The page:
Currently, FAROS (Fireproof Aerial RObot System) is being developed based on the CAROS that can both fly and climb the vertical wall to overcome narrow or destroyed spaces caused by fire. The robot body is covered with aramid fiber to protect its electric components and mechanical parts from the direct effects of the flame.

Under the aramid fiber-based armor, there are buffer air layers and a Peltier element-based cooling system that help to maintain the air layer within a specific temperature range. For autonomous navigation, the FAROS estimates its pose by utilizing a 2D laser scanner and an IMU (Inertia Measurement Unit) sensor installed in FAROS. With the localization result and a thermal imaging camera installed on FAROS, the robot can also detect and localize the ignition point by dedicated image processing technology.

These technologies are expected to be applied to the inspection or maintenance of structures and objects in remote or inaccessible regions. Such technologies can also be applied to various types of maintenance of urban structures such as inspection of wind turbine blades and cleaning of high-rise buildings and solar panels.

Professor Myung said, “As cities become more crowded with skyscrapers and super structures, fire incidents in these high-rise buildings are massive life-threatening disasters. FAROS can be aptly deployed to the disaster site at an early stage of such incidents to minimize the damage and maximize the safety and efficiency of rescue mission.”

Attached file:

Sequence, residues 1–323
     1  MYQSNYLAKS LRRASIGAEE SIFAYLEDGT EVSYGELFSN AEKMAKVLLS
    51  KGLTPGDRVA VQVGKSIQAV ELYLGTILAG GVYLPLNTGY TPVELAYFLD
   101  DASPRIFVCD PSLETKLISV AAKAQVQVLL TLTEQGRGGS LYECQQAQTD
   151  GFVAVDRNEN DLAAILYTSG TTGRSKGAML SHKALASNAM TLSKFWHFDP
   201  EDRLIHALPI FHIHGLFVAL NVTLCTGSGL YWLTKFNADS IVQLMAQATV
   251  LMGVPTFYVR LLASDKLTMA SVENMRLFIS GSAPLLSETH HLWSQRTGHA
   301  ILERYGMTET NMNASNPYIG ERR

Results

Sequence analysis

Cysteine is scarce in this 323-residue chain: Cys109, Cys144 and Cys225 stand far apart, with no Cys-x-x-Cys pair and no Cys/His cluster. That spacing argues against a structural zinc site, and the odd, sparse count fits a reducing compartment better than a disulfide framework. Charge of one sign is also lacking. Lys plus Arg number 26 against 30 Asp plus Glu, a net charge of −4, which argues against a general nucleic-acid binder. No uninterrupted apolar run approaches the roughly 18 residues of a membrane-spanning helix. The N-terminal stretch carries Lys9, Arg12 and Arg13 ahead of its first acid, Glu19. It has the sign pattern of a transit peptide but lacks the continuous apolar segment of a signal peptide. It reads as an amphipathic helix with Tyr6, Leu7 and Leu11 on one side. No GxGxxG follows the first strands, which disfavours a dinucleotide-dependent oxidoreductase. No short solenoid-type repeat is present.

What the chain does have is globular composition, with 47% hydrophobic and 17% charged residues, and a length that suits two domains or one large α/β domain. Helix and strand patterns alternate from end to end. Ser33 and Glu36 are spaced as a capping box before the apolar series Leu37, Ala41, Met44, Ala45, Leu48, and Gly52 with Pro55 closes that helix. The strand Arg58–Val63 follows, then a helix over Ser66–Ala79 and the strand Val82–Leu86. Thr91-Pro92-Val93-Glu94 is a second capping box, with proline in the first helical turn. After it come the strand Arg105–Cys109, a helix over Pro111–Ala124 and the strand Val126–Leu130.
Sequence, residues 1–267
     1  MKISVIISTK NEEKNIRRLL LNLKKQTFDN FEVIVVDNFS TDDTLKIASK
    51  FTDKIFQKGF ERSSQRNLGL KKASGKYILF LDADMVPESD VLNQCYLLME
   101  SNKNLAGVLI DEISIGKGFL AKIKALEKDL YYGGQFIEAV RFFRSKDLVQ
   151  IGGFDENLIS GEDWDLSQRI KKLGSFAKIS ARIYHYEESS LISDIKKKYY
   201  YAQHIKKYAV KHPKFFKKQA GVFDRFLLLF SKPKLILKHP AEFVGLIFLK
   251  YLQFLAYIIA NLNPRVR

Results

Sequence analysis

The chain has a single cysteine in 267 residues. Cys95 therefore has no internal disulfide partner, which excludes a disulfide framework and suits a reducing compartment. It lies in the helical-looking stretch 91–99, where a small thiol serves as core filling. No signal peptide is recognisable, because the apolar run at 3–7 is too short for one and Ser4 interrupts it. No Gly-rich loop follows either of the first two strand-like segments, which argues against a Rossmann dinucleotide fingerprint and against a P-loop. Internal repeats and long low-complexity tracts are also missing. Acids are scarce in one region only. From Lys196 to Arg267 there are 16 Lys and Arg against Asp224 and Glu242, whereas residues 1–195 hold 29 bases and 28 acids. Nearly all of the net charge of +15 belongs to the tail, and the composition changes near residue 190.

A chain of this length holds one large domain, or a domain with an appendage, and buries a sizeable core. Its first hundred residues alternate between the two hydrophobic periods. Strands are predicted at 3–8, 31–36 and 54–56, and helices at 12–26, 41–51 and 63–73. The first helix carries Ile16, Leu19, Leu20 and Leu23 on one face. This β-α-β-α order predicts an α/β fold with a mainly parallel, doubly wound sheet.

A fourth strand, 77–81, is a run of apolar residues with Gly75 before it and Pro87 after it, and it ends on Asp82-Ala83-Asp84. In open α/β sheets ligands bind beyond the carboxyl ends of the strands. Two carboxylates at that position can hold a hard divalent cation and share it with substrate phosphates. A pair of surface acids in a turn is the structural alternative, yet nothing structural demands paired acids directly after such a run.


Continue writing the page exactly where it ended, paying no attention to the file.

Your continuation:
Due to its novelty and potentiality, CAROS and FAROS have received media attention internationally, and the team has applied for related patents.

This research was presented at the Int’l Conf. on Control, Automation and Systems (ICCAS) 2015 held in Busan, Korea, where the research team was awarded the Best Presentation Award.

This research was funded by the KAIST Initiative for Disaster Studies and KAIST Institutes(KI).


Associated links
Original article from Korea Advanced Institute of Science and Technology

Lan Yoon | Research SEA
Further information:
http://www.researchsea.com

Further reports about: KAIST climbing drone high-rise buildings mobile robots wind turbine blades

More articles from Power and Electrical Engineering:

nachricht Did you know that the wrapping of Easter eggs benefits from specialty light sources?
13.04.2017 | Heraeus Noblelight GmbH

nachricht To e-, or not to e-, the question for the exotic 'Si-III' phase of silicon
05.04.2017 | Carnegie Institution for Science

All articles from Power and Electrical Engineering >>>

The most recent press releases about innovation >>>

Die letzten 5 Focus-News des innovations-reports im Überblick:

Im Focus: Making lightweight construction suitable for series production

More and more automobile companies are focusing on body parts made of carbon fiber reinforced plastics (CFRP). However, manufacturing and repair costs must be further reduced in order to make CFRP more economical in use. Together with the Volkswagen AG and five other partners in the project HolQueSt 3D, the Laser Zentrum Hannover e.V. (LZH) has developed laser processes for the automatic trimming, drilling and repair of three-dimensional components.